The plot to Tram 83 is loose, ill-defined and nearly lost in the jazz-like improvisational, poetic style to the text:
 In the distance: first light, music, fatwas, angelus bells, the laughter of the post-adolescent baby-chicks, the single-mamas with spoiled breasts, the Tram busgirls and waitresses, the strike and its students, the desperados and their dogs, the dissident rebels and their desire for rape, the local mayor bringing out his fifteen sacks of heterogenite, the publisher with a single-mama-post-baby-chick, the screeching of the rails, the tragic lamentations of the Railroad Diva, the haze, the melancholy of a life premeditated.
The majority of the text is beautiful dialogue, and like the text that I’ve opened this review with, character individualities become blurred in their similarities of speaking, despite very different social status, beliefs, or behaviors. What Mujila does here is show just how fully the ‘vibe’ of this city – of Tram 83 – takes over the characters regardless of their background. They become defined by the overriding nature of their environment. This highlights that while frenetic and colorful style/language are major components to Tram 83, these are stressed to fully realize the novel’s themes and symbolism.
Full of contradiction like African literature and many aspects of the continent and its very diverse cultures, Mujila’s novel is darkly comic, seemingly written to both ‘reestablish a truth’ that transcends African literature, while also playing with its tropes in a surreal mix of philosophy, friendship, and criminal exploitation. Battling contradictions become allegorized in the characters of Lucien & Requiem. For instance, the novel has an edge of masculine rawness: women are mostly prostitutes, another resource – in the form of baby-chicks or single-mamas – for profiteering and power. On the one hand this conveys a brutal reality of a cultural condition. At the same time this fails to suggest a way forward past a history of collective misogynistic memory. Echoing the resigned despair of Requiem in opposition to the optimistic ambitions of Lucien, this is just one example of Tram 83‘s complexity.
I would have really liked the opportunity to read this in French in addition to Glasser’s translation. The peculiar magic and rhythm of the original language is surely lost through the simple act of translation. Indeed to my ears the simple title Tram 83 sounds far more evocative in French. Though I can’t directly compare the texts, I can say that Glasser at least achieves a poetry and pace in the English that is sublime in its own right, one that meshes perfectly with the other feverishly chaotic elements to the novel.
Fiston Mwanza Mujila’s debut novel has garnered far more than my admiration and enjoyment. In the time between my reading it and this review there have been numerous reviews/interpretations published in both well-respected professional venues and from everyday readers alike. Lovers of literature, new to African lit or not, should check this out.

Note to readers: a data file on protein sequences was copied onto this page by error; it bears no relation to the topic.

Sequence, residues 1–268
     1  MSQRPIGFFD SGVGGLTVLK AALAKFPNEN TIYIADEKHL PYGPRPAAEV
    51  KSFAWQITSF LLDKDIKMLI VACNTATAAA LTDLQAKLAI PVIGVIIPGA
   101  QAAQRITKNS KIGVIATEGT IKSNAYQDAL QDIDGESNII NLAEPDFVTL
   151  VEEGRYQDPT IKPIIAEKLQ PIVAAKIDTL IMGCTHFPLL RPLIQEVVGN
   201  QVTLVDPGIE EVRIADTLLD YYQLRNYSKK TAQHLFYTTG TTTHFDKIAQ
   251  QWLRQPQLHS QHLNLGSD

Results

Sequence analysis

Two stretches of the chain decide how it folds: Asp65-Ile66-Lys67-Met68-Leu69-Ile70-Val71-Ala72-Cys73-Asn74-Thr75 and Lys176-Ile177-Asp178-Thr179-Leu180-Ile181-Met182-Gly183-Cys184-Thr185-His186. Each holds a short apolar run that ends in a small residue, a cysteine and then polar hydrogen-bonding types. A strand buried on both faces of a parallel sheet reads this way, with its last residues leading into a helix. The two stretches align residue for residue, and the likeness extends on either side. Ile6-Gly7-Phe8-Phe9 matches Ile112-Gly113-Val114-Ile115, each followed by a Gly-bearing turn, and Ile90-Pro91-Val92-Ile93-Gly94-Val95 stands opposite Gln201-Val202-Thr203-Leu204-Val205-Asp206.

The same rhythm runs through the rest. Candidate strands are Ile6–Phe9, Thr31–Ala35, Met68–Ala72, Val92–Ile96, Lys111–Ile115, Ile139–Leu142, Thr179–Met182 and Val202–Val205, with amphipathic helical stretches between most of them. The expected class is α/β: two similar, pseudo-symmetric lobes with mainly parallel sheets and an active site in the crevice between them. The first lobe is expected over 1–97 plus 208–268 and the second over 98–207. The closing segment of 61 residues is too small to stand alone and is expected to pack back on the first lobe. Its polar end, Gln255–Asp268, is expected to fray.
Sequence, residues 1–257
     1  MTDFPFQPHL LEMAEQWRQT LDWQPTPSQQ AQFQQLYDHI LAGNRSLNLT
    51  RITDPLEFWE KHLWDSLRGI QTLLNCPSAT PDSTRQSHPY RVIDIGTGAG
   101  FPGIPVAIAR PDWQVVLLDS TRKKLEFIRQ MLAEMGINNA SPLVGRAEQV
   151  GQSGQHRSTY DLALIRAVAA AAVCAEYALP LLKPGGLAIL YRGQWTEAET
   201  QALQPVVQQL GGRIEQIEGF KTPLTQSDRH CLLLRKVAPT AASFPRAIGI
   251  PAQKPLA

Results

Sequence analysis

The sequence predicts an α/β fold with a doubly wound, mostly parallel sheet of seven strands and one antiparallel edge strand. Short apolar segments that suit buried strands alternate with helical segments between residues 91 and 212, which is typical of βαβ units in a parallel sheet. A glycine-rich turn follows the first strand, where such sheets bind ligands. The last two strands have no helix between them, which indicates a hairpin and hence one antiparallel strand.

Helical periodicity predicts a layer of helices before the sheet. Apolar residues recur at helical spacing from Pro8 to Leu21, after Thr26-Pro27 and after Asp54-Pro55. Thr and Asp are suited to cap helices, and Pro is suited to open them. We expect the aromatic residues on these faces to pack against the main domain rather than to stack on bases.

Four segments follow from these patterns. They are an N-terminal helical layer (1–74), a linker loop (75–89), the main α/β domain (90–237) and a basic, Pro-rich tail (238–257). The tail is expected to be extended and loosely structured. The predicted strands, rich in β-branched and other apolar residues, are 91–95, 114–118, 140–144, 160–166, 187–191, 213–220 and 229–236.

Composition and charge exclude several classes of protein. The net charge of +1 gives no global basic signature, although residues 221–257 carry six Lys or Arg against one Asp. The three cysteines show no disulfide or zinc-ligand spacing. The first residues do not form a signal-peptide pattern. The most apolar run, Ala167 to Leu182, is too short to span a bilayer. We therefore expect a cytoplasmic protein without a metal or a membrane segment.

Disclaimer: I received a free advanced reading copy of this from the publisher in exchange for an honest review.

THE GODDESS OF SMALL VICTORIES, by Yannick Grannec

The Goddess of Small Victories
(La Déesse des petites victoires)
By Yannick Grannec
(Translated by Willard Wood)
Other Press – October 2014
ISBN 9781590516362 – 464 Pages – Hardback
Source: Publisher via Atticus Review


FOLLOWING THE COLLAPSE

“In 1931, soon after finishing his doctorate at the University of Vienna, mathematician Kurt Gödel published his incompleteness theorems that demonstrate that a closed system of axioms cannot be used to demonstrate its own consistency. The broad themes and implications of Gödel’s work are popularly known in the foundation of Douglas Hofstadter’s 1979 book Gödel, Escher, Bach: An Eternal Golden Braid. Recently, in La Déesse des petites victoires (The Goddess of Small Victories), Yannick Grannec approaches the emotions and personal events around Gödel’s life and achievements through the point of view of his wife, Adele…”

Disclaimer: I received a free copy of this from the publisher in exchange for an honest review for Atticus Review.

THE DOORS YOU MARK ARE YOUR OWN, by Okla Elliott & Raul Clement

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The Doors You Mark Are Your Own
By Okla Elliott and Raul Clement
Dark House Press – 28th April 2015
ISBN 9781940430201 – 724 Pages – Paperback
Source: Publisher via Atticus Review


The Historical Literary Epic Meets the Post-Apocalyptic Future
The Doors You Mark Are Your Own is the first part of an ambitious amalgam of literary fiction spliced with post-apocalyptic and historical genres. Written by Elliott and Clement with the conceit that they are ‘translating’ a historical account written in ‘Slovnik’ by the fictional Aleksandr Tuvim, the saga reads on one level as an engrossing biography and social commentary of a speculative, future city-state. On another level it contains rich, interconnected character-driven narratives. Balancing epic world-building and other science fiction genre traits with literary depth, the authors take some of the best elements from across literature to fashion an addictively entertaining novel…”

Disclaimer: I received a free copy of this from the publisher in exchange for an honest review for Atticus Review.